A centrifuge is a device that is used to separate fluids (based on density). Separation of fluids is done through a vessel that is spun at high speed. The centrifugal force will push the heavier materials outside the vessel. It is common to find centrifuges in academic and clinical laboratories.
There are various kinds of centrifuges available. They are typically classified based on intended use or rotor design. From the large floor types to micro centrifuges, there are many centrifuge options to choose from. Below are some of the most common types of laboratory centrifuges available in the market today:
Microcentrifuges are considered a staple in many research laboratories. Microcentrifuges are designed to accommodate PCR tubes and small tube volumes like 2ml, 1.5ml, and 0.5ml. Microcentrifuges that are usually used for most laboratory procedures can spin at a speed of up to 30,000 g.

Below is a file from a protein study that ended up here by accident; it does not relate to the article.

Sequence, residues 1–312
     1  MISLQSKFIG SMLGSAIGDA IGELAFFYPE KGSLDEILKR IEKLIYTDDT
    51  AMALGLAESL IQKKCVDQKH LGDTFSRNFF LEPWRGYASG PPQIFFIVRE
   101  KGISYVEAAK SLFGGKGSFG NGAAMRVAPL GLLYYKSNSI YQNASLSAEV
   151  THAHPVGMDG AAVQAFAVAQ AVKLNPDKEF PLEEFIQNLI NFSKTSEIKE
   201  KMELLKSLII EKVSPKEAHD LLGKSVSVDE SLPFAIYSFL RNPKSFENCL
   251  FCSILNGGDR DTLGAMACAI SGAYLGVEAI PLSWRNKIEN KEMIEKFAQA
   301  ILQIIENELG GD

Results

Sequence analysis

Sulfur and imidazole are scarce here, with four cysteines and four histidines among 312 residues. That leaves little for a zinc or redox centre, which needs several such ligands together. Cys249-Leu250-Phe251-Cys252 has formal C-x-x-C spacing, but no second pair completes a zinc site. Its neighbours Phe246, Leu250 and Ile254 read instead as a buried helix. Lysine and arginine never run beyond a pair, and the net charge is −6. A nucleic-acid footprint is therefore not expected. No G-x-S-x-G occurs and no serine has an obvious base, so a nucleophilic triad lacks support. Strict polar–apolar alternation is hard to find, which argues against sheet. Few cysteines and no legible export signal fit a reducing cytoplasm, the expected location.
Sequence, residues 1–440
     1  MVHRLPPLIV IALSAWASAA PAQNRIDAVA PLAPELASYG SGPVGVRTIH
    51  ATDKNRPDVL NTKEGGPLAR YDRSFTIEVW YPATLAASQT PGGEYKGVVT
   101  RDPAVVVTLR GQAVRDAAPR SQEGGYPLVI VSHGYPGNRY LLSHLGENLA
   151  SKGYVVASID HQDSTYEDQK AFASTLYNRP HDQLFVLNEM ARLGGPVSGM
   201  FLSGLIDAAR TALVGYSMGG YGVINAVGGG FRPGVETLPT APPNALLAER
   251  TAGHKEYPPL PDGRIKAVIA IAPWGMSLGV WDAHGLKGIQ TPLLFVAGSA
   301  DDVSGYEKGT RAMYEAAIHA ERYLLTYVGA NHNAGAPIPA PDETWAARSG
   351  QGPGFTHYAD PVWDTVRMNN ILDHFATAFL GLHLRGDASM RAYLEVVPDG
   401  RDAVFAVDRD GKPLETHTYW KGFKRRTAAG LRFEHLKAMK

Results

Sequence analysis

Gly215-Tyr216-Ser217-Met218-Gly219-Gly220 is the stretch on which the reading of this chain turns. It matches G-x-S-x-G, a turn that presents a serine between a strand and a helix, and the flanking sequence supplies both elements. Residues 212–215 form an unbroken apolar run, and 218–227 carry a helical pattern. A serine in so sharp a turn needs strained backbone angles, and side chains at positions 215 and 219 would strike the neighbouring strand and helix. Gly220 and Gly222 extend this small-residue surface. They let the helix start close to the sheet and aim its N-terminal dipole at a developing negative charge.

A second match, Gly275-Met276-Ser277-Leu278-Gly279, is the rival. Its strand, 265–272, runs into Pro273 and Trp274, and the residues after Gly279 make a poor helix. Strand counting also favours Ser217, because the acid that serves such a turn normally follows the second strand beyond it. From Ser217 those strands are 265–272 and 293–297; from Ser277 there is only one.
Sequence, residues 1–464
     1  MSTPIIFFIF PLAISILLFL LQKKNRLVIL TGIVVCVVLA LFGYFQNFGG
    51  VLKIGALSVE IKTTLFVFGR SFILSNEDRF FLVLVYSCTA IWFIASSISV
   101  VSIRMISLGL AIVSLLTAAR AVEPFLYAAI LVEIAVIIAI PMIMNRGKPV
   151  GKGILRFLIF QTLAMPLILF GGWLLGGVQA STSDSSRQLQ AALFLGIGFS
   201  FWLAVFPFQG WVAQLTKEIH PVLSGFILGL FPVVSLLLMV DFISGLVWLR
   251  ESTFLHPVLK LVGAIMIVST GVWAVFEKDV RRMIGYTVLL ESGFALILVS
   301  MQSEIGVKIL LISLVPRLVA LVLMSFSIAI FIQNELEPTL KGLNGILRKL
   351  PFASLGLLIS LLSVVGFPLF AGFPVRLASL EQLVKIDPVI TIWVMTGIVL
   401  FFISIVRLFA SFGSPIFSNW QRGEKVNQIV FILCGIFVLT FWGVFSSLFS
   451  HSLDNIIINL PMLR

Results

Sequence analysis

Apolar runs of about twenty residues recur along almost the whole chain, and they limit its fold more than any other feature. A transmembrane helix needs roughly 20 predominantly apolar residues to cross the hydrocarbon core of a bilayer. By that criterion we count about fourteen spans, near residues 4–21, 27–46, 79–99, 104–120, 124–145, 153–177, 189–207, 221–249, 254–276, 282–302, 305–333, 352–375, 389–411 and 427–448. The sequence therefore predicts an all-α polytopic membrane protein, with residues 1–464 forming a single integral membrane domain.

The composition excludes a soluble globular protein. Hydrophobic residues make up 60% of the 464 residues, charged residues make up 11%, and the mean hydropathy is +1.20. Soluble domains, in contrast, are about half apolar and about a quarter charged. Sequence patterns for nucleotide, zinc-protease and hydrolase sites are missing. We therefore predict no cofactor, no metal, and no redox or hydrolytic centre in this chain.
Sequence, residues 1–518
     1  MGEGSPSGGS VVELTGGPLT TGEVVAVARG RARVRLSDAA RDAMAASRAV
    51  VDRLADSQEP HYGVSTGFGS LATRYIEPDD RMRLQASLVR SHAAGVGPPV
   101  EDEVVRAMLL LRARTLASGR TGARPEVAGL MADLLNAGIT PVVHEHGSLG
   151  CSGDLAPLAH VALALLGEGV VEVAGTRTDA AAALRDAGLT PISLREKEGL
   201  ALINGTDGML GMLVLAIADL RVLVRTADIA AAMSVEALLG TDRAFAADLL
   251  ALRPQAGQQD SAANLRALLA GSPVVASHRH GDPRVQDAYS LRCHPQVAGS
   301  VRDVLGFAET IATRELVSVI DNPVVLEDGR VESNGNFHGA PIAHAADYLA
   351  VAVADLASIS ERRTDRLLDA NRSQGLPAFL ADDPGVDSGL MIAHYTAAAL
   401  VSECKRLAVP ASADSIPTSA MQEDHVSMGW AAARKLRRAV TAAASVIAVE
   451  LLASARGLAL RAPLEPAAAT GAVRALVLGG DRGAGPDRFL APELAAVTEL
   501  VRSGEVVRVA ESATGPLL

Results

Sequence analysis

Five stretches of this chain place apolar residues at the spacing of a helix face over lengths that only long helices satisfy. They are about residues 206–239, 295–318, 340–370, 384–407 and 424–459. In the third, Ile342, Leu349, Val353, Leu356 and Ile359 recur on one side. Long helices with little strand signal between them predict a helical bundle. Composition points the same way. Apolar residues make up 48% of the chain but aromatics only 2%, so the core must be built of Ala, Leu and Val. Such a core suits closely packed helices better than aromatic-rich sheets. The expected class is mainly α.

Clinical centrifuges are often low-speed and compact. They are also ideally used to separate whole blood components such as serum, plasma, red blood cells, and other bodily fluids. The speed of a clinical centrifuge can range from 200 rpm to 6,000 rpm.
Most clinical centrifuges are designed to accommodate standard blood tubes. However, it is recommended that you check for tube sizes or specific tube adaptors.
A benchtop centrifuge is also known as tabletop centrifuge. Benchtop centrifuges are versatile and depending on the type of research carried out, the centrifuge can be customized to suit the requirement. The maximum speed in RCFs can also vary. It can range from a few hundred to over 30,000 x g.
A benchtop centrifuge is also ideal when separating larger liquid samples at high speed (more than 4,000 rpm). Microcentrifuges usually run liquid samples through a fixed angle rotor while most tabletop centrifuges have another type of rotor known as swing out rotor.
Swing bucket rotors can spin samples up to 90 degree angle when run at lower speed. This type of rotor is also typically used to run larger amounts of samples.